Mount Airy, near Warsaw in Richmond County, Virginia, is a mid-Georgian plantation house, the first built in the manner of a neo-Palladian villa. It was built in 1758-62 for Colonel John Tayloe, perhaps the richest Virginia planter of his generation. Mount Airy is listed on the National Register of Historic Places as a National Historic Landmark.
Mount Airy is composed of a massive two-story central block above a high basement, long and deep, two curving one-story passageways, and two -square two-story end dependencies set forward. The five-part unit, long, encloses three sides of a semi-circular forecourt. This court is raised by a low terrace above the entrance drive and is reached by cut and molded stone steps, flanked by elaborate carved stone vases on pedestals. Set on a ridge, the house commands a wide view of the Rappahannock River Valley. The three-foot thick walls of the central unit are made of dark-brown sandstone, carefully hewn and laid in courses of random height, with architectural trim in light-colored limestone. It is possible that the exterior may originally have been stuccoed though no trace remains. The north or entrance façade is approached from the forecourt by a flight of steps leading to a recessed loggia, whose square columns, faced with four Roman Doric pilasters, define three rectilinear openings. The projecting central pavilion is of rusticated limestone, with three windows in the second story and a crowning pediment. The south or garden facade is almost identical in composition except that the three entrances in the pavilion are spanned by round arches with heavily marked voussoirs and keystones, and the upper windows are unframed. The other windows are framed by stone architraves and sills, and the limestone belt course and rusticated angle quoins are very prominent. The existing broad hip roof, pierced by four interior chimneys located near the ridge, is a replacement of the original roof, possibly a hip-on-hip that was destroyed by fire in 1844.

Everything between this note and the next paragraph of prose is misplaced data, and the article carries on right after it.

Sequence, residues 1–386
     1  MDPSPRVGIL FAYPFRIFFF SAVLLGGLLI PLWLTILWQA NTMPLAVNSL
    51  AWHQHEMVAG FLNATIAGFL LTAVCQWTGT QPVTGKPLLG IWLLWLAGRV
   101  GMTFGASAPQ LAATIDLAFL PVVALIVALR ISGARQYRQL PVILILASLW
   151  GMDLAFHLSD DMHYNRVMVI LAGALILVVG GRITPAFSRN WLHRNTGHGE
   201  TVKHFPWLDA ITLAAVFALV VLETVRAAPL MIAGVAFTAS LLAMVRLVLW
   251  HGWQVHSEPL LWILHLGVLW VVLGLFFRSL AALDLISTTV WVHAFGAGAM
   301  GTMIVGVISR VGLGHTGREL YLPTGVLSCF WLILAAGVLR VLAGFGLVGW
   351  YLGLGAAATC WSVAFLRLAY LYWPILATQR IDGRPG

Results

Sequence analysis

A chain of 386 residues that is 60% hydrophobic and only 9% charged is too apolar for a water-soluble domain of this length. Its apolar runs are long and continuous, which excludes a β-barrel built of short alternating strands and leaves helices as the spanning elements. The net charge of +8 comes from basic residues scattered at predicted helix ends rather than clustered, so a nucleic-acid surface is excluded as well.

The south or rear elevation was undoubtedly taken directly from Plate LVIII of James Gibbs' Book of Architecture and the north elevation was less directly derived from a plate of Haddo House in Scotland, shown in William Adam's Vitruvius Scoticus.
The two stone two-story dependencies have hipped roofs and central chimneys and their corners are given the same quoin treatment as the main house. The connecting passageways, also of stone, are quadrants covered with shed roofs that are concealed from the north or front. At the junction with the central block, the roofs of the connections are stepped up to allow entrances to the main floor of the house.
A fire in 1844 gutted the house, which was rebuilt within its shell of brown sandstone with limestone quoins. The original floorplan was preserved during the reconstruction.